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"First-person inclusive" forms are ones that refer to both the first and second person. In that case, why call them "first-person" anything? Wouldn't it be equally logical to call them "second-person inclusive"? It isn't that there's a division within the first person into inclusive and exclusive forms -- that wouldn't mean anything. Is this just a historical convention, due to the fact that when speakers of a language without such an opposition encounter a language with one, they perceive its inclusive forms to correspond to their own "first-person plural"?

Or is it common for inclusive forms to somehow pattern more like first-person than like second-person forms, and if so how?

(I realize that you could ask similar questions about the term "first-person plural", since this usually doesn't refer to multiple speakers but to a speaker plus others, and about "second-person plural" when this refers not to multiple listeners but to a listener plus others. But those forms at least can refer to plural speakers or to plural listeners, while an inclusive form can never refer to the first person alone.)

  • My guess would be because first person is higher on the agency totem pole than second person. So you could say it's convention of logic. – Justin Olbrantz Oct 7 '13 at 6:09
  • It's definitely a convention as the answers say. Being based on 1 > 2 > 3 is certainly likely. But there's also the possibility that one of the languages for which inclusive pronouns were first written about used first because the form was derived from or similar to a more usual first person pronoun in the language, and subsequent authors adopted the convention from there. We'd need some evidence to give a historically accurate answer. In the meantime we just have more or less likely hypotheses. – hippietrail Oct 7 '13 at 9:57
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    The obvious (to me) answer is that when Europeans first encountered languages which made the distinction, both forms were expressed in their own language by the 1st person plural (or dual), so it was natural to regard them as refinements of the 1st person. – Colin Fine Oct 7 '13 at 21:18
  • Ah yes - terminology due to translation makes sense more clearly. – hippietrail Oct 9 '13 at 7:51
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There are some languages where the inclusive forms clearly pattern separately from the second person forms. One such language I've studied is Walmajarri, an Australia language. Here are the subject agreement markers:

       singular  dual         plural
1      -rna
1 exc            -rli         -rlipa
1 inc            -tjarra      -rna-()-lu
2      -n        -n-()-pilla  -n-()-lu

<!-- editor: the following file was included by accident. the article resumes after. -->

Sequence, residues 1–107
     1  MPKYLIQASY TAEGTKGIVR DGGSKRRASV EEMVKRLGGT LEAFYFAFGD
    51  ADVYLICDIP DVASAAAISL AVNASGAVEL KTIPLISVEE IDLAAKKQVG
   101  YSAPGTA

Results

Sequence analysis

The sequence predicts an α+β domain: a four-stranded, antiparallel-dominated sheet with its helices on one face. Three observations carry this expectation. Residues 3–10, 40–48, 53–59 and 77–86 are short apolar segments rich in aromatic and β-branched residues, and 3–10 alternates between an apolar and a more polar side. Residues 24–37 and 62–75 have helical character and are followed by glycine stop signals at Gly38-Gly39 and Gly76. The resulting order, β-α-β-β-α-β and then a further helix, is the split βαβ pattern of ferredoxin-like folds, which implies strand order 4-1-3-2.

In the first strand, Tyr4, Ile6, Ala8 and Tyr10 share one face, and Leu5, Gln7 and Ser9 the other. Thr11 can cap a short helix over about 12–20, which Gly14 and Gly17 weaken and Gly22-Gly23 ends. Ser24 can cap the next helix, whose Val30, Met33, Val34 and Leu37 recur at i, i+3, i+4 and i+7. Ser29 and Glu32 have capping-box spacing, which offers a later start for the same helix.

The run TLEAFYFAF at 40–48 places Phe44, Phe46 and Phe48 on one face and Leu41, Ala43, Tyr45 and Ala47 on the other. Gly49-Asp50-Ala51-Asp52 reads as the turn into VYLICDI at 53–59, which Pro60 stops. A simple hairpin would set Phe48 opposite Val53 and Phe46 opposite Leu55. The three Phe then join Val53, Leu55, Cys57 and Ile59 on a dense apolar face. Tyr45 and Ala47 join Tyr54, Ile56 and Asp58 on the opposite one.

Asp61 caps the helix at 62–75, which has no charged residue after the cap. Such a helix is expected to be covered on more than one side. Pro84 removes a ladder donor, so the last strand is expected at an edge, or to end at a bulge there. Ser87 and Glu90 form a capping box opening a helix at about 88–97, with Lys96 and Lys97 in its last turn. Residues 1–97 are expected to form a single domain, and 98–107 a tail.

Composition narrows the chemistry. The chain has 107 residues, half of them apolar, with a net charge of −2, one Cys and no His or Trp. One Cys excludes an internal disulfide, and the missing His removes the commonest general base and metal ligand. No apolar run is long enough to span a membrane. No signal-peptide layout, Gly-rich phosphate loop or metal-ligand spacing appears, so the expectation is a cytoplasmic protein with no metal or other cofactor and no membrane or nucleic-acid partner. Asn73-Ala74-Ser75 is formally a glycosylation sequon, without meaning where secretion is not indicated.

3      -0        -()-pilla    -()-lu

See The pronominal clitic complex in Walmajarri by Fritz Schweiger (Folia Linguistica Historica, 28(1-2), 251–268) for the full details. The brackets indicate where an object marker may be inserted, which could be considered an infix. (For those markers without brackets the object marker is inserted afterwards.)

If the first person inclusive markers were fundamentally second person then we would expect them to begin with an /-n/. Instead, the first person plural inclusive form /-rnalu/ is the same as the first person singular form /-rna/, but with the common plural marker. The first person exclusive forms are unrelated.

  • I'm a little confused by the table. Why is the cell filled in for 1.INC.SG - How can a 1st person inclusive form be singular? Doesn't it refer minimally to two individuals? – P Elliott Oct 9 '13 at 7:35
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    Good question. The inclusive/exclusive distinction of course only applies to the dual/plural. It would be easier to show if we could use borders, but I think I can edit it to clear up the confusion. – curiousdannii Oct 9 '13 at 7:41
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There are interesting pragmatic consequences to using 1st person inclusive (1INC) in certain languages, e.g. in Tamil, 1INC is used by lower-caste members as a 1st person form to address higher-caste members. This may be taken to suggest that 1INC is fundamentally a 1st person form, but in Santali, 1INC is used as a 2nd person form in order to threaten someone. It doesn't seem as if the 1st or 2nd person components of 1INC are universally priveleged.

In conclusion, referring to 1INC as a 1st person form rather than a 2nd person form is due to convention - probably due to the person hierarchy in which 1 > 2 as noted by @Justin_Olbrantz, as, in actuality, it is both a 1st and a 2nd person form.

Reference: Nevins (2008), 'Cross modular parallels in the study of phon and phi'

3

I think it's just convention. If a pronoun includes in its reference the speaker then we call it a first person pronoun. If a pronoun includes in its reference the listener, then we call it a second person pronoun. If neither the speaker or listener are included then we call it third person pronoun.

  • Thanks for your answer. Do you think you could make it more relevant by referring to the "inclusive" part in the question? – robert Oct 7 '13 at 10:01
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    I think of inclusive/exclusive as modifiers of the basic pronoun label, just as singular and plural are. I think some languages like Japanese don't have plural pronouns, which leads me to think that person is the primary category for pronouns. Inclusive and exclusive make it all a little more complex, but you can think of it as a hierarchy of pronouns ordered by specificity, so that the most appropriate one will be chosen. – curiousdannii Oct 7 '13 at 10:21

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